MANAGERS of small and medium sized businesses are more pessimistic about the impact of Brexit than their larger counterparts, with smaller businesses also claiming to be less prepared for the UK’s impending departure from the European Union.

According to a survey of 250 Scottish businesses carried out by law firm Anderson Strathern, 57 per cent of SMEs believe Brexit will be negative for their company while just 41% of senior managers at larger corporates do.

Despite this, just 56% of SMEs said they were prepared for the eventuality of a no-deal Brexit while 68% of large businesses are.

Anderson Strathern director Neil Amner said the figures were worrying in relation to smaller firms, particularly as 26% of managers in that grouping said they had not yet started assessing what the risk to their business would be.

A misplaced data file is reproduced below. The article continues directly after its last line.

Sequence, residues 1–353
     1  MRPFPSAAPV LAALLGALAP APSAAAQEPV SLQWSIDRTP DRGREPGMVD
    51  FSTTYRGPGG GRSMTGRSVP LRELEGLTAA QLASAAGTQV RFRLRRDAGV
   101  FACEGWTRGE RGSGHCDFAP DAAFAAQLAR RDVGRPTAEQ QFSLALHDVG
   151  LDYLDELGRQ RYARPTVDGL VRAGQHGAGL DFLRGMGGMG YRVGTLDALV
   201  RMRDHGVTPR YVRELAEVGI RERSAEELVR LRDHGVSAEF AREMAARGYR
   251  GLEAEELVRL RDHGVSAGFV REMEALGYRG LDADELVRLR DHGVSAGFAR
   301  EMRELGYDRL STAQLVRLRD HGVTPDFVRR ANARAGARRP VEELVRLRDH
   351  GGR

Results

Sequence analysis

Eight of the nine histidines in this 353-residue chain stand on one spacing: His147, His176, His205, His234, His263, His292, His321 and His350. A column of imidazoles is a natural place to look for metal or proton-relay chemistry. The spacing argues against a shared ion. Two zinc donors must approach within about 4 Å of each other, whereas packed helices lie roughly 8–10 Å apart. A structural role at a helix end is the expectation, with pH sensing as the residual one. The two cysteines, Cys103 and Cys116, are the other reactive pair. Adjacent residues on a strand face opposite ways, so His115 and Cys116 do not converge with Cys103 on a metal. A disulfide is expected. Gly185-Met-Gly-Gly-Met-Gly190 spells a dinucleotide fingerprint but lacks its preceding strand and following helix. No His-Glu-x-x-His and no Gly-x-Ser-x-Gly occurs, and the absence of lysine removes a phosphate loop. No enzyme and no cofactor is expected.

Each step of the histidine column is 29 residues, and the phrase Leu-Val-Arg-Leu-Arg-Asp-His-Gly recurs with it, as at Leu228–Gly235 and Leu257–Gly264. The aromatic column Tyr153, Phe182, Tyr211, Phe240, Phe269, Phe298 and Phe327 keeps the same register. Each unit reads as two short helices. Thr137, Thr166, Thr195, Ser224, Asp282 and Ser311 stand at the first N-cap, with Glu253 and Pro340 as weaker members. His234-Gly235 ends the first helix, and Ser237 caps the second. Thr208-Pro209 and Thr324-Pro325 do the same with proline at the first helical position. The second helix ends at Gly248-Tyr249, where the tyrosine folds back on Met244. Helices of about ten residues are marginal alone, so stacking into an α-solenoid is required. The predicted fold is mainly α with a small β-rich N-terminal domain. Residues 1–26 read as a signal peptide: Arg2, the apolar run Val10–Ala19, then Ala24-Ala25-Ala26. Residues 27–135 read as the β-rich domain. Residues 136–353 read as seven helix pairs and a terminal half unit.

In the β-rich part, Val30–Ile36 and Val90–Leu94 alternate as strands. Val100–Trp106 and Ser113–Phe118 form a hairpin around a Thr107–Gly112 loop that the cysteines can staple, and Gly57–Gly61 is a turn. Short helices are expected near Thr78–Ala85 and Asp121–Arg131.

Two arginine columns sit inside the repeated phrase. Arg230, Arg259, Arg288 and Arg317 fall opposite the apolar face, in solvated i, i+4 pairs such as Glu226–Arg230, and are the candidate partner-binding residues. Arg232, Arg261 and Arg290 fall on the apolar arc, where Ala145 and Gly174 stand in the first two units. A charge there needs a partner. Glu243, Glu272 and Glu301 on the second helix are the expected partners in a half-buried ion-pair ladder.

Overall, the inability to hire staff from the EU was of major concern to survey participants, with 35% of all respondents saying they rely heavily on being able to recruit EU nationals and 54% saying they felt they would encounter difficulties in attracting staff from the EU. Glasgow-based businesses said they are more reliant on the EU as a key market than Edinburgh-based companies, at 59% against 48%.

Despite the overall pessimism, the majority of larger firms said they felt optimistic about future growth, with 68% saying that in the long term Brexit would likely create new opportunities, particularly in markets such as China and the US.

“Over time we get to a point, around five years after the UK leaves the EU, whether on a negotiated or a no-deal basis, by which there is almost a 50-50 call about whether Brexit is for the better or not,” Mr Amner said.